dlr Primary Arts, 5th Class Scoil Cholmcille, Ballybrack 5th Dance Session, 9 March – Watch Me! and Call & Response!

Artist: Robert Connor, Dance Theatre of Ireland

It comes as no surprise that music is a great influence when it comes to dance.  I had asked the students to offer their suggestions for music that they would like to dance to, as they had asked a few times whether I had certain songs.   While I might love some old favourites in the Pop and world music genres, as they work well for tempo rhythm and clean lyrics, it’s great to get an injection of newer sounds.  So Ms. Keenan collected the suggested tracks, and together with the class, edited the list to a few.  “How Deeps is Your Love”, Calvin Harris, “Watch Me Nae Nae”, Silento, and “Sorry” Justin Beiber made the shortlist.

So this week the warm-up sound track changed to “How Deep is Your Love” and with a familiar tune, there was bigger energy input to the movement.  We had a go at “Watch Me”, which comes fully kitted with a dance routine that everyone (but me) knows and we unapologetically improvised to Beiber.

Interestingly, when we danced “Watch Me”, even though there are moves that come with the song, there were differing ideas amongst the students as to what those moves are and how they are performed…this opened a discussion about interpretation, individual styling of moves and interpreting movement from video.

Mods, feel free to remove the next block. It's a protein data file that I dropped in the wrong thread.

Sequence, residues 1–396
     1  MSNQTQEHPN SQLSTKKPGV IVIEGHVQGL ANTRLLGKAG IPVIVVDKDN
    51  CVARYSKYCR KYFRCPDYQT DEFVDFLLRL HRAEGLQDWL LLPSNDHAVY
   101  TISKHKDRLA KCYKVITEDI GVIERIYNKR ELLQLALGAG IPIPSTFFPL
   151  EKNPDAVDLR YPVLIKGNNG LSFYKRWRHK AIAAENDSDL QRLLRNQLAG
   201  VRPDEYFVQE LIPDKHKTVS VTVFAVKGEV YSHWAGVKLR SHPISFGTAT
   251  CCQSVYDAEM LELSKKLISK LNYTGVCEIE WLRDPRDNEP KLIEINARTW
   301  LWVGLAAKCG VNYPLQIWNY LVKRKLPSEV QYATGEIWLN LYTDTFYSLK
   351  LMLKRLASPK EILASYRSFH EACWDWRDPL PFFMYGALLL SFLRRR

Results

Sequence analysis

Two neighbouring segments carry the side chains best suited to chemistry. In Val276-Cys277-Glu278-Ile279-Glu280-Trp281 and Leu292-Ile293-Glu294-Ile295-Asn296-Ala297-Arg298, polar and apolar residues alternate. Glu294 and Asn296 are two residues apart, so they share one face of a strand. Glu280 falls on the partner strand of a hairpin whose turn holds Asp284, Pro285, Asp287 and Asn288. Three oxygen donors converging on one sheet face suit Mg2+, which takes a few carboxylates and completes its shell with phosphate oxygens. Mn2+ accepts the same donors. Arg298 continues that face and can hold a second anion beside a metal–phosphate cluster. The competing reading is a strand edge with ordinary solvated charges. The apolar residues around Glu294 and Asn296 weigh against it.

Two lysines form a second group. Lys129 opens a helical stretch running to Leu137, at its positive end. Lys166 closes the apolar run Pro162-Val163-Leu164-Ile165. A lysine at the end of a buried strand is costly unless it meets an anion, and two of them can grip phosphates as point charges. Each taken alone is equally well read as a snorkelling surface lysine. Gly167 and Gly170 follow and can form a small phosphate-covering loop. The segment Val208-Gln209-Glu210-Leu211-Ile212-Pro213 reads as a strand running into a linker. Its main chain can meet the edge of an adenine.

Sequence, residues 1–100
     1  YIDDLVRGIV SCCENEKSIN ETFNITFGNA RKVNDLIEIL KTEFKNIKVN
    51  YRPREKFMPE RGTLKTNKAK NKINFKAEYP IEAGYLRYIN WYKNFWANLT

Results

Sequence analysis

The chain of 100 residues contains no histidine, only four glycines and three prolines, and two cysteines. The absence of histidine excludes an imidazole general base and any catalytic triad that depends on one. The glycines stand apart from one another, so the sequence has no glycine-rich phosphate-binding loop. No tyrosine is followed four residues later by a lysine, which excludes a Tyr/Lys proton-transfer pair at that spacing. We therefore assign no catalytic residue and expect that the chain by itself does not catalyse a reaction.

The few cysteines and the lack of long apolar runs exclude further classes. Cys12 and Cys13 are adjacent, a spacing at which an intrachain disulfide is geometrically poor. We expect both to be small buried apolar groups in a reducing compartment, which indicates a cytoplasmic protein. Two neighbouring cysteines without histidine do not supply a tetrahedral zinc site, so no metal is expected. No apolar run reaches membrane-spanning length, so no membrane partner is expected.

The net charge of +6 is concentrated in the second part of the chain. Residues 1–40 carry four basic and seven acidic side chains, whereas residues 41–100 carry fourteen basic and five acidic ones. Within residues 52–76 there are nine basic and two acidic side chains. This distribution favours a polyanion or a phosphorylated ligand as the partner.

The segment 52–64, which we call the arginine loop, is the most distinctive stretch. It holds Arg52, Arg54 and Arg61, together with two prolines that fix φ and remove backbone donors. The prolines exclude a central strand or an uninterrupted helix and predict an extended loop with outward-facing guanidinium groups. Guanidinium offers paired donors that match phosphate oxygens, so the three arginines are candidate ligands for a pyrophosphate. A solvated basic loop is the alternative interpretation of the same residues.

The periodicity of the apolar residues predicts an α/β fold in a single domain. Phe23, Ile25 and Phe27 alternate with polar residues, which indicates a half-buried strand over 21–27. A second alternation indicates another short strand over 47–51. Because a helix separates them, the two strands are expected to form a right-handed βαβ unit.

And it sent me looking afterwards to youtube!  It’s a catchy track if you haven’t heard it, but you probably have, since it’s nearly as popular as “Gangnam Style”.

It’s one thing to do popular moves to popular music…they are already affirmed in mass culture.   It’s a great way to get everyone engaged and dancing.  I’m also trying different structures for each student to explore and value their own movement, and to pick up and value each others’ movement.

Call and response is a group technique we use in body percussion, whereby one person proposes a rhythm and the others copy/repeat the rhythm.  Standing in a circle, each student took a turn at making a stomping, clapping rhythm, and everyone else tried to copy.  It trains the ear as well as the eye for picking up quickly, as well as staying in sync with each other.